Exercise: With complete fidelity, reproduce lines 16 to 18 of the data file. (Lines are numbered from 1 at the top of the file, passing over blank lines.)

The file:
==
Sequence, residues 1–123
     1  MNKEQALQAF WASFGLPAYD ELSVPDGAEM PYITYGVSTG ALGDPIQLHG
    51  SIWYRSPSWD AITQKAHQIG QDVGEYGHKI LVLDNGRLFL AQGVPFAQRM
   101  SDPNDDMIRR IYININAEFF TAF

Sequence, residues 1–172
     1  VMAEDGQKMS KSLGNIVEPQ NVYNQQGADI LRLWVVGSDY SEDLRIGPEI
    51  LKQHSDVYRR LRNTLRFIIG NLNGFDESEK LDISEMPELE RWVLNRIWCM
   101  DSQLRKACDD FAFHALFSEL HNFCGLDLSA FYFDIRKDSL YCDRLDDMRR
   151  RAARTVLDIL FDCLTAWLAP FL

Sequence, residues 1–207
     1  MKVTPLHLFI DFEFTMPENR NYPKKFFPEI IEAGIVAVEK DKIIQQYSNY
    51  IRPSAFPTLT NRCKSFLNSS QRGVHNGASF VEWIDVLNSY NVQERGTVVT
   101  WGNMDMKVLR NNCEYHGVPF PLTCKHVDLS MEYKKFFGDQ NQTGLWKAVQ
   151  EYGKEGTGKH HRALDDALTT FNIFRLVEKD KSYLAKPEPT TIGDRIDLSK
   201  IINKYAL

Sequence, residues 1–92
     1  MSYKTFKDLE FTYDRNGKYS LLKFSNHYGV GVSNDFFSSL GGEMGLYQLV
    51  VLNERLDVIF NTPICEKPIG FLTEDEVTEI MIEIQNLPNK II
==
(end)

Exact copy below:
Sequence, residues 1–92
     1  MSYKTFKDLE FTYDRNGKYS LLKFSNHYGV GVSNDFFSSL GGEMGLYQLV
    51  VLNERLDVIF NTPICEKPIG FLTEDEVTEI MIEIQNLPNK II